The light is changing now. The mellow heat of High Plains Indian Summer, notwithstanding, the sun is deepening to rich amber in the morning and turning brunt gold at dusk. The last of the blooms are coming out to show as degree by degree the wind sweeps cooler off the Front Range and down onto the Prairie.
This is my favorite time of year. The great Pagan festival of Samhain – Halloween to some – is upon us. I begin to plan for my dear husband’s Thanksgiving and birthday dinners, acts of love for my partner of over 30 years and our family of choice. The gardens are settling in for a season’s rest, as am I. Spring and summer get a little harder from gardening season to gardening season. Autumn and winter seem to go by faster and faster each year.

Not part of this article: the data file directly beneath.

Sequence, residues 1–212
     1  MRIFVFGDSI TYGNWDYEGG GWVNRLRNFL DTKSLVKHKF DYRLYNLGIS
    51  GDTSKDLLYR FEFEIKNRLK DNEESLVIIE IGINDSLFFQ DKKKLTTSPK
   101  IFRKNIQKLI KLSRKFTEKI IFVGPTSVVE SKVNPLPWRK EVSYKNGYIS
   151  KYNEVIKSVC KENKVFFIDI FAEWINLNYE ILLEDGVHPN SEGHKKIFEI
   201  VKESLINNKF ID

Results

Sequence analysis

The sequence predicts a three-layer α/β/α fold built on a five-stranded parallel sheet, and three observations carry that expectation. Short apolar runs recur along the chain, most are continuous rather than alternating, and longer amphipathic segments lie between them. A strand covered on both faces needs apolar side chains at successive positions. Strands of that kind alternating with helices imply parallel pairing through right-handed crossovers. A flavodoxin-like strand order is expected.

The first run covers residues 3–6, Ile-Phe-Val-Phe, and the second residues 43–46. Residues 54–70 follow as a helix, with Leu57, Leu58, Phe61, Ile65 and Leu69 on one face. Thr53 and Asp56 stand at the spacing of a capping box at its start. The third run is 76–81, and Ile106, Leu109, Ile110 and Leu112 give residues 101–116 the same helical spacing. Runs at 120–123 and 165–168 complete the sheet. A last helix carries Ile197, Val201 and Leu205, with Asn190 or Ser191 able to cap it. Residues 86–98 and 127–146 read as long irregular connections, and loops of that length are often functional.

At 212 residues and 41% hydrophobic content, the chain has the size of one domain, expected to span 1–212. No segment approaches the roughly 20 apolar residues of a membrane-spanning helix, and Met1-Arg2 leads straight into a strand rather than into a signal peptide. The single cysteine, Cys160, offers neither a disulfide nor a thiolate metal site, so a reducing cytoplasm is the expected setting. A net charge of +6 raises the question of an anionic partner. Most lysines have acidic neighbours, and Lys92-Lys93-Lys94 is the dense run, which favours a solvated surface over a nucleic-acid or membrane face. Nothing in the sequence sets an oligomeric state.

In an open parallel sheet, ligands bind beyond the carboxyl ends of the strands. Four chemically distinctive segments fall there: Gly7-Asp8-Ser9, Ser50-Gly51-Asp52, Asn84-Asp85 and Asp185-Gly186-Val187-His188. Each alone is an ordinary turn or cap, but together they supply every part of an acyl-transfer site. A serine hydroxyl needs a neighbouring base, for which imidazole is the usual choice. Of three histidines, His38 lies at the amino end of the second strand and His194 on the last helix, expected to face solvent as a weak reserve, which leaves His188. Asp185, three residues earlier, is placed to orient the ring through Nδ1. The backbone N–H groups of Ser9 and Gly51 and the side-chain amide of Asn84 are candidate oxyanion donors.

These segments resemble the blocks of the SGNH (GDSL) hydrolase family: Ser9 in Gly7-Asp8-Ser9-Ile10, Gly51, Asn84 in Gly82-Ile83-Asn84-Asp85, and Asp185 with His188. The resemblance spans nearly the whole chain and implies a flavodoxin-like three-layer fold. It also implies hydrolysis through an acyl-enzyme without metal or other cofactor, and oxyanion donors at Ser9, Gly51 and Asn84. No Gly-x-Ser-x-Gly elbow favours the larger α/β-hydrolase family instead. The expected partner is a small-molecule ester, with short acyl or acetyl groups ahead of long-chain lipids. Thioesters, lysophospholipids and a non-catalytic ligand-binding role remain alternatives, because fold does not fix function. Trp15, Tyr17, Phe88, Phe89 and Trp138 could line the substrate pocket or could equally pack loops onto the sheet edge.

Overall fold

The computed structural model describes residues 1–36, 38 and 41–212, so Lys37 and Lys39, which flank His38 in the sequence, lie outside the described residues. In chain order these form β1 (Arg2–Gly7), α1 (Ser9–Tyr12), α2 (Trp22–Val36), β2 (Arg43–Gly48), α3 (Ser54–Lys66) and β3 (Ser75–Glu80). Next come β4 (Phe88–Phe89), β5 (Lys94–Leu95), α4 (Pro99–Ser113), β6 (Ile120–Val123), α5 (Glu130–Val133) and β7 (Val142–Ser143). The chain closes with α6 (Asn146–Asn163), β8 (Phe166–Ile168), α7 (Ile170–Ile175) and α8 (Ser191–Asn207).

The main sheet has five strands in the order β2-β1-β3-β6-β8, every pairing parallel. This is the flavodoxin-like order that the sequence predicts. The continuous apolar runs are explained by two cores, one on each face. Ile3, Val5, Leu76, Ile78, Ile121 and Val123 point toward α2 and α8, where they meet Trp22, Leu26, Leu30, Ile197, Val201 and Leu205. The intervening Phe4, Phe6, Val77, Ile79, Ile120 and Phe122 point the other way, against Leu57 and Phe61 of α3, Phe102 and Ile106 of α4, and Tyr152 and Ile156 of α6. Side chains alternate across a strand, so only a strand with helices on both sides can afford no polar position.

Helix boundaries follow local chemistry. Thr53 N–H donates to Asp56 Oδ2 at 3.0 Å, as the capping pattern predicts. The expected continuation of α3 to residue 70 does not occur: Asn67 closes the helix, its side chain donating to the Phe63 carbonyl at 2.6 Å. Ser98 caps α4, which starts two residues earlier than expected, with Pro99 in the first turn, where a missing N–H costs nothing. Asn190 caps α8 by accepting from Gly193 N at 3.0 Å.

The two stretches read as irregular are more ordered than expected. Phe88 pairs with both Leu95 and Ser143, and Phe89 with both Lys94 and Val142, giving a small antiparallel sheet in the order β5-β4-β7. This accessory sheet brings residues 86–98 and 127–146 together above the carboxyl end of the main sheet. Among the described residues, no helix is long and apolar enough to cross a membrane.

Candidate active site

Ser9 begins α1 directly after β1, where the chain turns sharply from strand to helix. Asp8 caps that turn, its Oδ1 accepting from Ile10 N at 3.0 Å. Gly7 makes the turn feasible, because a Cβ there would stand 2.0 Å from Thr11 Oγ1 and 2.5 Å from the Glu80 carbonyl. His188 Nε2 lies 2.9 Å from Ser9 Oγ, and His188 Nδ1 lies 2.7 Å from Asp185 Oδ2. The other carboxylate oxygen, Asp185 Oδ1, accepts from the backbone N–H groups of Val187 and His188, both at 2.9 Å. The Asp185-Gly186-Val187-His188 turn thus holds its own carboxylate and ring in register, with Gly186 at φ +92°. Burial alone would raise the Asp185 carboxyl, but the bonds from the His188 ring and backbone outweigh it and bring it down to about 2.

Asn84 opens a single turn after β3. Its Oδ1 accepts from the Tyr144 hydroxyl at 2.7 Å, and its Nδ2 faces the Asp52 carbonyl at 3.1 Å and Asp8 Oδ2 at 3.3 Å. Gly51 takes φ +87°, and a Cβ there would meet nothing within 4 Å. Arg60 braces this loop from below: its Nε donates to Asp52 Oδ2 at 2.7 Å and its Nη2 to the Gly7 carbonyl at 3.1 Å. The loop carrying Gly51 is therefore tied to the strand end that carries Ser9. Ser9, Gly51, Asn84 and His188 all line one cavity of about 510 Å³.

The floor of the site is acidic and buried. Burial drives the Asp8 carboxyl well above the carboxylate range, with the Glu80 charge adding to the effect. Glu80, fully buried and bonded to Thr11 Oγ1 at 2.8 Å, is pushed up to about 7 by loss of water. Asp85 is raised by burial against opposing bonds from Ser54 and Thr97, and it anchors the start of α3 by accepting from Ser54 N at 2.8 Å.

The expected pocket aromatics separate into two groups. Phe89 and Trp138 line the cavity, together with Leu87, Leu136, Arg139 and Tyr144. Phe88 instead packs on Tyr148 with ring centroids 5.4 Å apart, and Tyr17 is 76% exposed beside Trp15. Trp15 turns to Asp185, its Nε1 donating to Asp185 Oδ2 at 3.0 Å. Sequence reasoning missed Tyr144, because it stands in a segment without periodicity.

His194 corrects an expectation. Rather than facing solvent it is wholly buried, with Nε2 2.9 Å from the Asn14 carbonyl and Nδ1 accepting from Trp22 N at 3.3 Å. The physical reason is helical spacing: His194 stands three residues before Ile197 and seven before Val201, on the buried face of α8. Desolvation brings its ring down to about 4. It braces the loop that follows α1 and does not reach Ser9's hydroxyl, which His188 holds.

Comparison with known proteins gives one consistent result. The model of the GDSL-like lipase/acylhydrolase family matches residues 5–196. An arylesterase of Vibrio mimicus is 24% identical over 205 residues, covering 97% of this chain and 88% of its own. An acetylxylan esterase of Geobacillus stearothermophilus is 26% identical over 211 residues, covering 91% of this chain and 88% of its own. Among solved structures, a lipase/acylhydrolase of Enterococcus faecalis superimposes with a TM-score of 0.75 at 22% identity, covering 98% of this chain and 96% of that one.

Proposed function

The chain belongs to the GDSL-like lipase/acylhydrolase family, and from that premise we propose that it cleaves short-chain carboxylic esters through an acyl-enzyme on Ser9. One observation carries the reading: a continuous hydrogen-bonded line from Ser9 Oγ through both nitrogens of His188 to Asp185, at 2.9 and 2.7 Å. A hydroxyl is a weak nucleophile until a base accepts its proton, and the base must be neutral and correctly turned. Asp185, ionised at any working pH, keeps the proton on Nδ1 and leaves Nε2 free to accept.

A Witch charged with tending to the beauty of the Earth, I miss the eternal regularity and simple balance of the gardens as they slumber in sterling moonlight and frigid starlight. There is no arguing with the symmetry of nature, only a fool – and Goddess knows that our species is full of them – tries. Thus, some children of the spring and summer love shade and some love sun; some love wet and some love dry; some thrive in alkaline soil and some in acid. To place a shade loving, water needing, acid tolerant plant in the sunny drought of an alkaline landscape is to condemn it to death, plain and simple. It will not live; no gardener’s skill can save it, nor will any amount of soil amendment, partial shade or indifferent watering. To know the needs of each plant is to show tolerance for nature’s poise and equilibrium. We will never create anything as beautiful as the spring flowers and summer blooms. All of our self importance and money will never change that fact. Knowing this a gardener learns respect.